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Publication numberUS6205509 B1
Publication typeGrant
Application numberUS 09/464,263
Publication dateMar 20, 2001
Filing dateDec 17, 1999
Priority dateJul 15, 1999
Fee statusPaid
Also published asWO2001006363A1
Publication number09464263, 464263, US 6205509 B1, US 6205509B1, US-B1-6205509, US6205509 B1, US6205509B1
InventorsJohn J. Platko, Paul Chieffo
Original Assignee3Com Corporation
Export CitationBiBTeX, EndNote, RefMan
External Links: USPTO, USPTO Assignment, Espacenet
Method for improving interrupt response time
US 6205509 B1
Abstract
A method and apparatus for rapidly detecting the source of an interrupt. A multi-bit interrupt state register is provided which registers the occurrence of an interrupt in response to an interrupt event. The outputs of the interrupt state register are coupled to an interrupt vector register which is memory mapped and directly accessible to a processor via load and store instructions. The interrupt vector register is continuously updated to reflect the current state of the interrupt state register. The processor may read the interrupt vector register with low latency, store the contents of the interrupt vector register in a general purpose register within the processor, and determine the source of interrupts via bit test instructions performed on the general purpose register. The bits interrupt state register may be cleared by the processor by upon the issuance of a memory mapped write command to a clear register. Writing to the clear register generates clear pulses for selected bits that result in the clearing of the respective bits of the interrupt state register. Additionally, an interrupt status register is provided which the processor can read over a bus. The interrupt status register contains interrupt events which are accessible by the processor with a greater read access latency than the interrupt state register.
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Claims(14)
What is claimed is:
1. Apparatus for allowing a processor to rapidly identify the source of an interrupt comprising:
a first interrupt state register having a first plurality of locations for storing data representative of a corresponding first plurality of interrupt events, said first interrupt state register having a corresponding plurality of first interrupt state register outputs;
an interrupt vector register clocked by a clock synchronized with said processor, said interrupt vector register having a plurality of locations for storing said data representative of said plurality of interrupt events and having interrupt vector register inputs coupled to predetermined ones of said first interrupt state register outputs, said interrupt vector register having outputs in electrical communication with said processor; and
said interrupt vector register outputs being readable by said processor in response to the issuance of a first predetermined read instruction from said processor.
2. The apparatus of claim 1 further including first interrupt signaling logic operative to provide a first indication to said processor in the event of the storage within said first interrupt state register of data representative of at least one interrupt event.
3. The apparatus of claim 1 further including:
a first clear register having a plurality of inputs in selective electrical communication with said processor and a plurality of outputs; and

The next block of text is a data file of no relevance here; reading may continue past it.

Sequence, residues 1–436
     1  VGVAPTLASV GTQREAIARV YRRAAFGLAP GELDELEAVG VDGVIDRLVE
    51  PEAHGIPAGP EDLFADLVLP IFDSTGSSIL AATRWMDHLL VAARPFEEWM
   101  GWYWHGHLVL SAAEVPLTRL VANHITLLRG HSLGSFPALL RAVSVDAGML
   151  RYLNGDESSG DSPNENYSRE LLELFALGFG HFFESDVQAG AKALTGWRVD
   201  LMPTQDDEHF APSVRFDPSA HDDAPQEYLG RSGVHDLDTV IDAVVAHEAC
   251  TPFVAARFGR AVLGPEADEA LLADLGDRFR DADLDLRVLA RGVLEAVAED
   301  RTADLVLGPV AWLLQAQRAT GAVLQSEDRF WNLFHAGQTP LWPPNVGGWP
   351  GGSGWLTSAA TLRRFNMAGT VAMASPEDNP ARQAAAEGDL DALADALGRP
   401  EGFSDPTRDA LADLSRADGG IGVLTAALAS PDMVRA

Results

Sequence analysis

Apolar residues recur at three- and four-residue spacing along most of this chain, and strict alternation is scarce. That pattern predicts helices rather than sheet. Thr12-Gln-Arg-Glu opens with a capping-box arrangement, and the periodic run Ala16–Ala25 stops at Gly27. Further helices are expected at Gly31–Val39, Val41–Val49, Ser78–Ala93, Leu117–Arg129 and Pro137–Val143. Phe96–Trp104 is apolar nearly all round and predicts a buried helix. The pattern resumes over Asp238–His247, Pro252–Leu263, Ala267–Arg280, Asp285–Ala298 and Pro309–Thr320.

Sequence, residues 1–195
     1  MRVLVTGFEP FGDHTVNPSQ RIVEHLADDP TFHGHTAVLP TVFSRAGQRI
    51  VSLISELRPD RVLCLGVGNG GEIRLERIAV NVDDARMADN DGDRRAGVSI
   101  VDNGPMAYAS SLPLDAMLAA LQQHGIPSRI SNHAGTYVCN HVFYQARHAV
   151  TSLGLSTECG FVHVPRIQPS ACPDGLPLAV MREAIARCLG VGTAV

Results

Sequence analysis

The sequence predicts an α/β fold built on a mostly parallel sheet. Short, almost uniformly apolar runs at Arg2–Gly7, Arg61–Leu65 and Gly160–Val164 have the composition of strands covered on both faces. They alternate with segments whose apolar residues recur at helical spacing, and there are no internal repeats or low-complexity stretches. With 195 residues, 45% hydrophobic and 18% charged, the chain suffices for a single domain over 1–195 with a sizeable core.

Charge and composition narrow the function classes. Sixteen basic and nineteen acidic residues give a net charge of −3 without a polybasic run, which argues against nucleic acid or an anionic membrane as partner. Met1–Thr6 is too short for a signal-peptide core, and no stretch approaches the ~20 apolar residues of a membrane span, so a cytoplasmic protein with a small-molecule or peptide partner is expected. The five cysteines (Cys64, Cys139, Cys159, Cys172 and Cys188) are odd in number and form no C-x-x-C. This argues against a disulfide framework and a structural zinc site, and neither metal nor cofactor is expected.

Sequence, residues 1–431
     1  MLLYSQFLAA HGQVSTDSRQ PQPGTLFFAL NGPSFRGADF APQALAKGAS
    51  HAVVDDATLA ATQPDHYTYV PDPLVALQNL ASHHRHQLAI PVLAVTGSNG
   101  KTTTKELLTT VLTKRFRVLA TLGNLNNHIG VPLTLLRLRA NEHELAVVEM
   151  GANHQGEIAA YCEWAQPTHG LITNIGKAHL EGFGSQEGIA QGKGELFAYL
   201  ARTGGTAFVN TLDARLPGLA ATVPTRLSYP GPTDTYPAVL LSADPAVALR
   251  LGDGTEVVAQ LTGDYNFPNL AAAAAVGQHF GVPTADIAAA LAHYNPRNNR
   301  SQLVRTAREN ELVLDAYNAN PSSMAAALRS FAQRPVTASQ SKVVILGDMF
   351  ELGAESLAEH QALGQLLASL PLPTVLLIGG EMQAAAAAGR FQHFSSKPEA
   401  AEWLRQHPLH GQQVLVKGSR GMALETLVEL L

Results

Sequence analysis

said first clear register being operative to generate clear register output signals on selected ones of said first clear register outputs to reset selected bits within said first interrupt state register in response to the writing of a data word from said processor to said first clear register.
4. The apparatus of claim 3 further comprising:
a second interrupt state register having a second plurality of locations for storing data representative of a corresponding second plurality of interrupt events, said second interrupt state register having a corresponding second plurality of second interrupt state register outputs;
second interrupt signaling logic operative to provide an indication to said processor in the event of the storage within said second state register of data representative of at least one second interrupt event;
a bus, said bus selectively coupling said second interrupt state register outputs to said processor, said second interrupt state register being operative to forward the contents of said second interrupt state register over said bus to said processor subsequent to detection by said processor of said indication of said at least one second interrupt event in response to a second predetermined read instruction issued by said processor; and
said interrupt vector register having a lower read access latency than said second interrupt state register in response to respective first and second predetermined read instructions issued by said processor.
5. The apparatus of claim 4 further including
a second clear register having a plurality of inputs in selective electrical communication with said processor and a corresponding plurality of second clear register outputs;
bus control logic for selectively coupling at least some of said plurality of second clear register outputs with predetermined reset inputs of said second interrupt state register; and
said second clear register being operative to output signals over said bus to clear selected bits within said second interrupt state register in response to the writing of a data word from said processor to said second interrupt clear register.
6. The apparatus of claim 4 further including:
a second clear register having a plurality of inputs in selective electrical communication with said processor and a corresponding plurality of outputs; and